Anglo-Saxon and Romanesque buildings and sculpture

The crypt at Repton church

The county’s only example of Anglo-Saxon architecture is at St Wystan’s, Repton, where the church was built in four Anglo-Saxon phases between either 757 and 850 (according to Taylor) or between 827 and 1020 (Fernie), This is especially important for Romanesque scholars who would not want to date the twisted columns and their capitals of phase 3 later than the 11th century. Other Anglo Saxon remains are confoned to masonry at Stanton-by-Bridge, Ault Hucknall and Cubley and window openings at Sandiacre and Walton-upon-Trent. Anglo-Saxon crosses or parts of them survive at Bakewell, Eyam, Bradbourne and elsewhere.

Romanesque sculpture

The finest Norman parish church in England is in Melbourne, Derbyshire. It is dedicated to St Michael and St Mary and was probably built by Henry I in the first quarter of the 12thc. It boasts a twin towered façade with a third tower over the crossing, a 5-bay aisled nave and elaborately carved capitals on the crossing arches and the three doorways.

Melbourne interior looking east and a capital from the crossing arch

The other church of national importance is Steetley Chapel, by contrast, a tiny 3-cell building but entirely 12th-century and lavishly decorated on its south doorway, chancel and apse arches and apse vault capitals.

Steetley chapel from the south (left) and an apse vault capital

There is nothing to match the significance of these two churches, but much of interest to be seen elsewhere. At Sandiacre the volute of a chancel arch capital has become the head of a comical little figure, while Bradbourne can boast a doorway with lively animal carvings as well as a figural corbel table.

Chancel arch capital at Sandiacre

Animals on the doorway at Bradbourne

For the font enthusiast, Ashover has one of only about 30 lead fonts in the country, decorated with twenty standing figures under an arcade. Youlgreave is unusual in having a small secondary bowl. More conventional but still attractive are the fonts at Hognaston, Eyam, Ockbrook, Kirk Hallam, Somersal Herbert, Church Broughton, Chesterfield and Tissington.

Fonts at Ashover, Youlgreave, Tissington and Somersal Herbert

Fieldwork and recording

Fieldwork was initially undertaken by Richard Jewell from the beginning of the project in 1988, and a good deal of the county was completed between then and 1993, without photography. In 2014 a team of students led by Dr Jennifer Alexander revisited many of these sites, adding photographs. Meanwhile a group of sites in the Derbyshire Dales was undertaken by Colin Morse in the early 2000s. By 2021, half of the county was online. Subsequently Ron Baxter has taken over fieldwork in the county, carrying out new photography when necessary using a Fujifilm Finepix S1. The fieldworkers would like to thank the incumbents and churchwardens of the county’s churches for their help in facilitating their work and for supplying useful information.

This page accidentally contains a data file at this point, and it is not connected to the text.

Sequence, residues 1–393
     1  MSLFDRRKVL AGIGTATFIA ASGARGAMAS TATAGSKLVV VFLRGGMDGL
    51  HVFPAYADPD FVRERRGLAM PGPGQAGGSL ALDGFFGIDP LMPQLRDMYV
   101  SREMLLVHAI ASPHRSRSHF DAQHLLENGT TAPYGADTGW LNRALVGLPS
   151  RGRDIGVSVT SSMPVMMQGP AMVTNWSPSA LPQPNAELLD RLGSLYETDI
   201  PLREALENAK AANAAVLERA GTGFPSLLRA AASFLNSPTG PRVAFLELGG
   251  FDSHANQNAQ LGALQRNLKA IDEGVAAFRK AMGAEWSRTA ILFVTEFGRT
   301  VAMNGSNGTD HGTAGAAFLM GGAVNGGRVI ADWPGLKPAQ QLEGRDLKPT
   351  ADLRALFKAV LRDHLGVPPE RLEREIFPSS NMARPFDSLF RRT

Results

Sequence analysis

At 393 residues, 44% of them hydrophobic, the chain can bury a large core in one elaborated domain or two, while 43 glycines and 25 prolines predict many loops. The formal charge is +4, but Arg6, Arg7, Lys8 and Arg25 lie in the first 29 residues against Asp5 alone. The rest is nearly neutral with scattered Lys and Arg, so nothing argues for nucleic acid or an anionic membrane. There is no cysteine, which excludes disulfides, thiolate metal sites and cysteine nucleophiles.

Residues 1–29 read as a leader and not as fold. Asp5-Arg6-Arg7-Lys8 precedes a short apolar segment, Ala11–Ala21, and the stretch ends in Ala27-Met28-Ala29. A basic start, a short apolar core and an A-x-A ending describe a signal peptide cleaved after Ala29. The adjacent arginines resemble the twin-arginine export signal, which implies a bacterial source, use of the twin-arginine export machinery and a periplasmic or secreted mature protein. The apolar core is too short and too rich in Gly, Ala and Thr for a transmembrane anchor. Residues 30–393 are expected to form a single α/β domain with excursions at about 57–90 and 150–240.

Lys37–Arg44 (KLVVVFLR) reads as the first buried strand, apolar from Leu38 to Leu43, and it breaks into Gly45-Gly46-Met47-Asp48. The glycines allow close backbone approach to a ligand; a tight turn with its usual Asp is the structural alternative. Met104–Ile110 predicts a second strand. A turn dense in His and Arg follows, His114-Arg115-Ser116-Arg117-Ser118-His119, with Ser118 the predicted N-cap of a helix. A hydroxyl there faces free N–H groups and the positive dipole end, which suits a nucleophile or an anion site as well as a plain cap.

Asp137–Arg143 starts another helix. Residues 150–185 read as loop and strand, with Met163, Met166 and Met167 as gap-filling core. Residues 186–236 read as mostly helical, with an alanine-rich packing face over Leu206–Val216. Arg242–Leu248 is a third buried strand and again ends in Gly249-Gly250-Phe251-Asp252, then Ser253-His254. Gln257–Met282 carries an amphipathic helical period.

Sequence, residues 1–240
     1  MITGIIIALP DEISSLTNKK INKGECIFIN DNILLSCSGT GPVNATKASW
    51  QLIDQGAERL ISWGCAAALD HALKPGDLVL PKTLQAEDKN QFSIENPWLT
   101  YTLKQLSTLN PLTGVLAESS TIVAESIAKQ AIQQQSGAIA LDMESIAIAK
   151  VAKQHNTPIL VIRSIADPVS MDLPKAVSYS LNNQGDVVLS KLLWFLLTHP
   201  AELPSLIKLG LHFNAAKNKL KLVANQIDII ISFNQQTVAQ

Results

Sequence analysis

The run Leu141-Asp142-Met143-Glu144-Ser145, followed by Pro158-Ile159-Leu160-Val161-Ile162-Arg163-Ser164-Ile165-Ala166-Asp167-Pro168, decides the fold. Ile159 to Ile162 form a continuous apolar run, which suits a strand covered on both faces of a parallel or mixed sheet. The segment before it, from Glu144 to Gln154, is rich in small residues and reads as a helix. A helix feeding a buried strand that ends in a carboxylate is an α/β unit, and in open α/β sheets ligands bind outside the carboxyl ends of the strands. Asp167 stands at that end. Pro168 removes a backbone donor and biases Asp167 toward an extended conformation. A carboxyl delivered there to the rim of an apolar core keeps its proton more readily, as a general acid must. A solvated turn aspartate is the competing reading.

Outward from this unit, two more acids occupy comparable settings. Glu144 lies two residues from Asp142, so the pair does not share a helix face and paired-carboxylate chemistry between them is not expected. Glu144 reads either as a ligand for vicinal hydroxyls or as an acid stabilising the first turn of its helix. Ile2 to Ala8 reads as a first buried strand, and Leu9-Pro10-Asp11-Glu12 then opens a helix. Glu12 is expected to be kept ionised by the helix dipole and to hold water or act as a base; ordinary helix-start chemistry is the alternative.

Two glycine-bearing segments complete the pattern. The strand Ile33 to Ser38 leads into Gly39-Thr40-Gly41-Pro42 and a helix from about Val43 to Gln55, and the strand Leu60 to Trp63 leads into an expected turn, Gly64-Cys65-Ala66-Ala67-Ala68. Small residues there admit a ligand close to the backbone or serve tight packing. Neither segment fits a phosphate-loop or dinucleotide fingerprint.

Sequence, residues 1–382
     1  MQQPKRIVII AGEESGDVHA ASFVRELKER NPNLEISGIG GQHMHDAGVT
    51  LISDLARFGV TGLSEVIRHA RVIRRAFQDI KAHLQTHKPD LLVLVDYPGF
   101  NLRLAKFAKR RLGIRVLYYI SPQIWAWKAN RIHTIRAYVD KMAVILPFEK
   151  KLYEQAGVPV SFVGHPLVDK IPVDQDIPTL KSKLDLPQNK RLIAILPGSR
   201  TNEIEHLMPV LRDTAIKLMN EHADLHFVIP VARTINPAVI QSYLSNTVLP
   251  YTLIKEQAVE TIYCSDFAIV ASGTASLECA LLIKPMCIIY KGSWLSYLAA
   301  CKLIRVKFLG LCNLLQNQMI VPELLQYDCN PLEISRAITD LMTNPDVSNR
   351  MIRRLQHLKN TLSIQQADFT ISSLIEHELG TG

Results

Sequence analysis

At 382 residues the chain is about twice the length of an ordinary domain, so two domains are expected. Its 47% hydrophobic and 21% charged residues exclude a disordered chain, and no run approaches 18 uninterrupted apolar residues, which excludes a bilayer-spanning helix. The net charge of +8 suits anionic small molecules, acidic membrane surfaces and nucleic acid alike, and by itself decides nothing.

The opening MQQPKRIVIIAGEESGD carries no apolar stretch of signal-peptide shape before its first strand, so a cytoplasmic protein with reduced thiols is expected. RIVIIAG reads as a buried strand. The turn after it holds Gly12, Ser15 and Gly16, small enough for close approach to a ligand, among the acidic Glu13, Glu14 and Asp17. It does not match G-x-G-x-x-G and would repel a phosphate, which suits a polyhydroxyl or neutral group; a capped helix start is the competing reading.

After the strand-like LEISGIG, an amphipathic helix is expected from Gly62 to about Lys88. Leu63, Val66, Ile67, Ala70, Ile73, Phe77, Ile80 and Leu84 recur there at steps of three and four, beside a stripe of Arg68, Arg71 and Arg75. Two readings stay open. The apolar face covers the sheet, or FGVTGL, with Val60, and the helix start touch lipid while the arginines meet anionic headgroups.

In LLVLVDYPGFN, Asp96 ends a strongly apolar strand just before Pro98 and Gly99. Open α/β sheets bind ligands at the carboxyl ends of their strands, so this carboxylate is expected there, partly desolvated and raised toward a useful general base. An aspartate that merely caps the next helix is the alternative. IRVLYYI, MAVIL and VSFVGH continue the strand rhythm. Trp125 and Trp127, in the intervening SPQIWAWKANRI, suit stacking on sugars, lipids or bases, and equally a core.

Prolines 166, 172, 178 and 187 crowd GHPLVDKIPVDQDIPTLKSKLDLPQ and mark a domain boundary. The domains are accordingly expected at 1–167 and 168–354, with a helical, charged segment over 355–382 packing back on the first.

Bibliographic notes

Only 3 volumes of the Victoria County History have been published for Derbyshire: a thematic volume (volume 1 (1905)), one on the religious houses and schools (volume 2 (1907)), and a recent one on Scarsdale Hundred (volume 3 (2013)). The student must therefore rely on older county histories for historical information, and by far the most useful is J Charles Cox’s Notes on the Churches of Derbyshire, published in four volumes between 1875 an 1879, and now available online via archive.org. The first edition of Pevsner’s Buildings of England for Derbyshire appeared in 1953, and it has been revised in 1978, by Elizabeth Williamson, and in 2015 by Clare Hartwell. As always, the Historic England List Descriptions are a valuable source of information, and Derbyshire is fortunate in having a study of the medieval dedications of its churches in Clark (1992). Unfortunately no RCHME Inventory volumes were produced for the county.

  1. Broadberry, B. M. S. Campbell and B van Leeuwen, ‘English Medieval Population: reconciling time series and cross-sectional evidence’, Reconstructing the National Income of Britain and Holland, c.1270/1500 to 1850, project paper July 2011.
  2. Clark, ‘The Dedications of Medieval Churches in Derbyshire: their survival and change from the reformation to the present day’, Derbyshire Archaeological Journal, 112 (1992), 48-61.
  3. C. Cox, Notes on the Churches of Derbyshire, Chesterfield and London 4 vols, 1875-79.
  4. D. Holly, 'Derbyshire' in C. Darby and I. S. Maxwell, The Domesday Geography of Northern England, Cambridge 1962, 278-329.
  5. C. Hartwell, N. Pevsner and E. Williamson, The Buildings of England: Derbyshire, New Haven and London 2016,

Historic England Listed Building: English Heritage Legacy ID:

  1. N. Pevsner, The Buildings of England, Derbyshire, Melbourne, London and Baltimore 1953
  2. N. Pevsner, E Williamson, The Buildings of England: Derbyshire, 1978
  3. N. Pevsner, The Buildings of England: Derbyshire (Yale University Press, New Haven and London, 2002)

Victoria County History: Derbyshire: 1 (1905)

Victoria County History: Derbyshire: 2 (1907)

Victoria County History: Derbyshire: 3 (2013)